Percentage of the U.S. population that will get the flu, on average, each year: between 5% and 20%.
Number of Americans hospitalized each year because of flu complications: 200,000, on average.
The number of people who die each year from flu-related causes in the U.S.: ranges from 3,000 to 49,000.
In the U.S., influenza and pneumonia were the eighth leading cause of death in males in 2009.
Number of flu vaccine doses available in the U.S. for the 2013-2014 flu season: Between 135 and 139 million.
The CDC recommends that everyone over six months of age get a flu vaccine as soon as it's available.
Flu activity usually peaks in January and February.
During 2009-2010, a new and very different flu virus (called H1N1, or swine flu) spread worldwide, causing the first flu pandemic -- global outbreak of disease caused by a new flu virus -- in more than 40 years. It is estimated that the pandemic resulted in more than 12,000 flu-related deaths in the U.S. In contrast to seasonal flu, nearly 90% of the deaths occurred among people younger than 65.
The 2013-2014 trivalent influenza vaccine is made from the following three viruses:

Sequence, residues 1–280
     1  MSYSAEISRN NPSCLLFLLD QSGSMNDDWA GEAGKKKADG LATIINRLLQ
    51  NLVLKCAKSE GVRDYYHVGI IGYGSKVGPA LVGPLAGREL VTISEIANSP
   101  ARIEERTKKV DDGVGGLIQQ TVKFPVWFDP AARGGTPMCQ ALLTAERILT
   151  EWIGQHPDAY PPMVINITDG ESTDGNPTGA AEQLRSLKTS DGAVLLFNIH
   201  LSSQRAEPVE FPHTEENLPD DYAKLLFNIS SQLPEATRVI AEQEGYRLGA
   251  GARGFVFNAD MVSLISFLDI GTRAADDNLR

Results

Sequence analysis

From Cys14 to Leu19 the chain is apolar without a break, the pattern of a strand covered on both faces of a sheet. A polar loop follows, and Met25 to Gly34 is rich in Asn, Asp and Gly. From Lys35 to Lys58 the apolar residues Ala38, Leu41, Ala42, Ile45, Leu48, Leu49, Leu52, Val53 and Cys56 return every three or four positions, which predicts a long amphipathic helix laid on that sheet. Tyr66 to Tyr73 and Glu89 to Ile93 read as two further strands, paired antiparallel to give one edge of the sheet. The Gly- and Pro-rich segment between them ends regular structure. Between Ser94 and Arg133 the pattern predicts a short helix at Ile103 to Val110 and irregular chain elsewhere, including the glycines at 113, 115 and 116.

an A/California/7/2009 (H1N1)pdm09-like virus;
an A(H3N2) virus antigenically like the cell-propagated prototype virus A/Victoria/361/2011;
a B/Massachusetts/2/2012-like virus.
The 2013-2014 quadrivalent vaccine containing two influenza B viruses include the above three viruses and a B/Brisbane/60/2008-like virus.
It takes about two weeks after vaccination for an adult to develop antibodies against the flu.
The typical incubation period for the flu is one to four days. Adults can be contagious from the day before symptoms begin through five to 10 days after the illness starts.
A regular case of the flu typically resolves after three to seven days for the majority of people, although cough and fatigue can persist for more than two weeks.